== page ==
There are so many different aspects of mental health, from the medical side (diagnosis and treatment) to the array of mental and emotional health topics.

And then to the flip side which is where I’m at now.

Being proactive in taking care of my mental health.

Realising and truly embodying the fact that mental health is of the utmost importance to living life well

In fact, I’m so passionate about positive mental health that I included a whole week's worth of content on the topic in my Busting Anxiety In Motherhood programme.  

I’ve wanted to write about the topic of mental health for a long time I confess.

But a little voice in my head always shouts

“You’re not qualified to talk about this subject!”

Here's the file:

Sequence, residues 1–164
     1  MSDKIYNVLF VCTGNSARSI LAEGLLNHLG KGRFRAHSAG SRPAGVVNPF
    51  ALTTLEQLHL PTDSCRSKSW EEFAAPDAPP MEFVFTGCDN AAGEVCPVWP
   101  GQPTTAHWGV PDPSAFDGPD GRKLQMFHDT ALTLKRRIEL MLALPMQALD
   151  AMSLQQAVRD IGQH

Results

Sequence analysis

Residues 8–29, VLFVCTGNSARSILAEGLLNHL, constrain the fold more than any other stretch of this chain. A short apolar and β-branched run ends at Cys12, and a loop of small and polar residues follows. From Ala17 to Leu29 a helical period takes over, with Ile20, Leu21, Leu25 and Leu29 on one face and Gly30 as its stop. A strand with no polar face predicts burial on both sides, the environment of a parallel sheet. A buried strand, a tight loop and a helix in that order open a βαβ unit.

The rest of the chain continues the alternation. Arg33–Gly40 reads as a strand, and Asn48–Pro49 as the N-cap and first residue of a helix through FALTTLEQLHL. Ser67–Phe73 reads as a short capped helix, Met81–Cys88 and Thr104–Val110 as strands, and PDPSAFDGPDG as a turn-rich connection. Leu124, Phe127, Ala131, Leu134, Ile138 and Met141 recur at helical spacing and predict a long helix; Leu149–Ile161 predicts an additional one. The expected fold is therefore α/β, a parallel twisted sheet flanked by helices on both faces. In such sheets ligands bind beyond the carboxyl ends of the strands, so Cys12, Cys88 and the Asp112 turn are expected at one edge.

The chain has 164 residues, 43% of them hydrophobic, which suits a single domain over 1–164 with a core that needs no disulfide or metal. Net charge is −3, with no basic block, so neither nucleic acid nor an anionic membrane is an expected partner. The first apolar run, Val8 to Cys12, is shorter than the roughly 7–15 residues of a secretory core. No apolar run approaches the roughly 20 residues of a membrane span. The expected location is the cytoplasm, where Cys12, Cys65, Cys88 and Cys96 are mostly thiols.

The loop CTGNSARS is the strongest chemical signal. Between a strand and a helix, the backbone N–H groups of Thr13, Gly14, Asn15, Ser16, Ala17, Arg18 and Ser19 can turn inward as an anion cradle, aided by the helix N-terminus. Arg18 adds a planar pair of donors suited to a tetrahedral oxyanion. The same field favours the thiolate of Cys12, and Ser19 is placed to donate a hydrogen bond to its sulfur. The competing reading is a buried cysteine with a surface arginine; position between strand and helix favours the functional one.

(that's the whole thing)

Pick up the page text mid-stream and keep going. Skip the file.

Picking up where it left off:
So again, I’ve kept quiet. 

But as I sit here on my couch, heavily pregnant with our second baby, I realise how flipping important this topic is.

I want the loves of my life, my boys, to be aware of how important it is to look after their mental and emotional health. 

I want them to know that it’s empowering and something to be proud of when we talk about mental health and actively take charge of looking after it.

I never expected motherhood to bring out this very vocal side of me.

But they do say, find your passion, find your voice. 

Seems that my passion is living life well

And that has absolutely nothing to do with money or travelling, or experiences even. 

In my opinion, it has to do with how you see yourself and the circumstances around you. 

I had no idea that I’d train as a wellness coach during my maternity leave.

And now find myself in the midst of studying multiple techniques which are proven to help overcome mental illness (with my huge adorable baby belly in front of me)